There’s also a large hunt at play, sort of similar to The Legend of Zelda: Breath of the Wild’s 900 Koroks, except this time around, it is 200 Miman and they are dotted all over Da’at, but thankfully, although “hidden,” they are hidden in plain sight and not under rocks, or requiring the completion of a little puzzle just to make them appear. Then there are the battles.
Battles are turn-based, with players actually able to earn extra actions in battle, should they use a skill the enemy is weak against, but should they miss or the enemy blocks the attack, they can lose actions. Of course, attacking isn’t your only option when fighting either, as players are free to try talking to enemy demons and seeing if they can negotiate with them, to see if you can get them to join you. Any monster that is at a higher level than the protagonist will refuse, but when you have levelled up higher, you can always come back to them at a later date and try asking again at another time.
Demons can try haggling you for anything, be it Macca or items, or just ask a series of random questions. Each encounter always proves to be interesting and engaging, especially when you go to speak to them Sometimes in these engagements, a demon that is in your party, will engage them in conversation instead. Because of things such as this and the prowess of each demon in battle, it is easy to become attached to those in your party, but this is not Pokémon. You can lose your demons in battle, but by another means as well. Demon fusing is back and it is a great way of getting rid of weaker demons in your possession and trying to get new ones that aren’t, who possess greater skills.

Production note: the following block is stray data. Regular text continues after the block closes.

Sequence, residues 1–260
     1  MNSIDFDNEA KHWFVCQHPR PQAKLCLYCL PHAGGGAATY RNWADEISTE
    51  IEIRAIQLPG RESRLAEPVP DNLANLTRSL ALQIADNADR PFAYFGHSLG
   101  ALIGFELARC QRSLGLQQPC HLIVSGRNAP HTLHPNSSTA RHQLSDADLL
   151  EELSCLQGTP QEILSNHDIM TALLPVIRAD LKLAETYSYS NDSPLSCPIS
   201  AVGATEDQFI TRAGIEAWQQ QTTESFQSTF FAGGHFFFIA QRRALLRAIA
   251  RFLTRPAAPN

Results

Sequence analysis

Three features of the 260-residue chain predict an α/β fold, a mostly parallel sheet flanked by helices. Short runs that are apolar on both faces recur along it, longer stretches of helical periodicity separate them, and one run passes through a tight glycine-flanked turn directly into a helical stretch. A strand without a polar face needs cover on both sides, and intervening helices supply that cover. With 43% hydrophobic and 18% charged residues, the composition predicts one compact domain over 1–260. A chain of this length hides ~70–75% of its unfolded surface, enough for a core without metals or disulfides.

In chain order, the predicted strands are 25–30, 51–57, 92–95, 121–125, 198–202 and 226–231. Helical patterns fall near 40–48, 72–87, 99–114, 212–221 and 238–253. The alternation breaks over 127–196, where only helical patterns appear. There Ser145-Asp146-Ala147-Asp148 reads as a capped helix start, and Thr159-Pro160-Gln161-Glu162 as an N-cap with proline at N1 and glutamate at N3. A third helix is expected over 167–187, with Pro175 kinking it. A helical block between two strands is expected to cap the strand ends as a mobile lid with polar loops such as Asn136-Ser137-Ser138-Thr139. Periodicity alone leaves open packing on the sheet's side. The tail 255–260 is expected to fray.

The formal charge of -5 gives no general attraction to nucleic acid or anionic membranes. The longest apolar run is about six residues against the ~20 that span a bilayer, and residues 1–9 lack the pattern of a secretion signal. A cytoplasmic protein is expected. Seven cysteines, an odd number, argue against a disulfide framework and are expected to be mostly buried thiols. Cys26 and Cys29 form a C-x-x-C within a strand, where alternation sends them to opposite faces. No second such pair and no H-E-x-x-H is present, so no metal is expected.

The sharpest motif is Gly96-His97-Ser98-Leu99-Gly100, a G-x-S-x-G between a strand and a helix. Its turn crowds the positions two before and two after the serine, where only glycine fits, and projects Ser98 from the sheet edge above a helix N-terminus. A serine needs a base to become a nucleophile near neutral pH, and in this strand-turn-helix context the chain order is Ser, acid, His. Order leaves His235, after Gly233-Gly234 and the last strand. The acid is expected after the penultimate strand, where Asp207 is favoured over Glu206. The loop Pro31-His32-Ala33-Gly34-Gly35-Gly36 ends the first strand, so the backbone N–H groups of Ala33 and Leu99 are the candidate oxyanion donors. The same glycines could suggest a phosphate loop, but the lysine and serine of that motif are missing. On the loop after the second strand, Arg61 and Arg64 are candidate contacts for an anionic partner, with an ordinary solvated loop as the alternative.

Your options will be quite limited nearer to the beginning of your playthrough, but a whole host of fantastical demons and upgrades will become available to you. You will also acquire a large line-up of Miracles which, when put into effect, can have huge repercussions on the world around you and turn the tide in battle. This can swing everything in your favour and make your team an absolute powerhouse, regardless of whose in it. If you have trouble getting to grips with the game’s RPG mechanics, there is a downloadable safety mode that can help to make everything that little bit easier.
As a series stretching as far back as 1992, while Shin Megami Tensei isn’t as popular as the Final Fantasy is in the west, it is still a critically-acclaimed series of apocalyptic RPGs worth discovering and Shin Megami Tensei V is as good a starting point as any. Featuring enjoyable mechanics from both Shin Megami Tensei III: Nocturne (with the HD remaster also available on Switch) and Shin Megami Tensei IV, Shin Megami Tensei V is a wonderful culmination of old and new with plenty of replay value thanks to multiple endings and a New Game Plus.
Shin Megami Tensei V: (The Gameplay)
Tags: Atlus, EXPlay, Nintendo, Nintendo Switch, review, Shin Megami Tensei, Shin Megami Tensei V
Platform: Nintendo Switch (eShop)
Category: Role-Playing, Strategy
No. of Players: 1 player
Release Date: November 11, 2021 (JP) / November 12, 2021 (EU & NA)
File Size: 12.8 GB
This post was written by Jack Longman